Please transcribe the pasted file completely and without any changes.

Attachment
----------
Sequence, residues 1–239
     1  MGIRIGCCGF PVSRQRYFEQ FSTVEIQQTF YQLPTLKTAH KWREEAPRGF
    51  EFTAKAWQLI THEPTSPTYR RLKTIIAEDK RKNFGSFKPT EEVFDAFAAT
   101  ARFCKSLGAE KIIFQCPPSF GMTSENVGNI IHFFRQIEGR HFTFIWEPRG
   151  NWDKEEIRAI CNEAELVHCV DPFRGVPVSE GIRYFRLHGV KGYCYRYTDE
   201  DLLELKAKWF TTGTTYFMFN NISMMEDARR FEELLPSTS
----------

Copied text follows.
Sequence, residues 1–239
     1  MGIRIGCCGF PVSRQRYFEQ FSTVEIQQTF YQLPTLKTAH KWREEAPRGF
    51  EFTAKAWQLI THEPTSPTYR RLKTIIAEDK RKNFGSFKPT EEVFDAFAAT
   101  ARFCKSLGAE KIIFQCPPSF GMTSENVGNI IHFFRQIEGR HFTFIWEPRG
   151  NWDKEEIRAI CNEAELVHCV DPFRGVPVSE GIRYFRLHGV KGYCYRYTDE
   201  DLLELKAKWF TTGTTYFMFN NISMMEDARR FEELLPSTS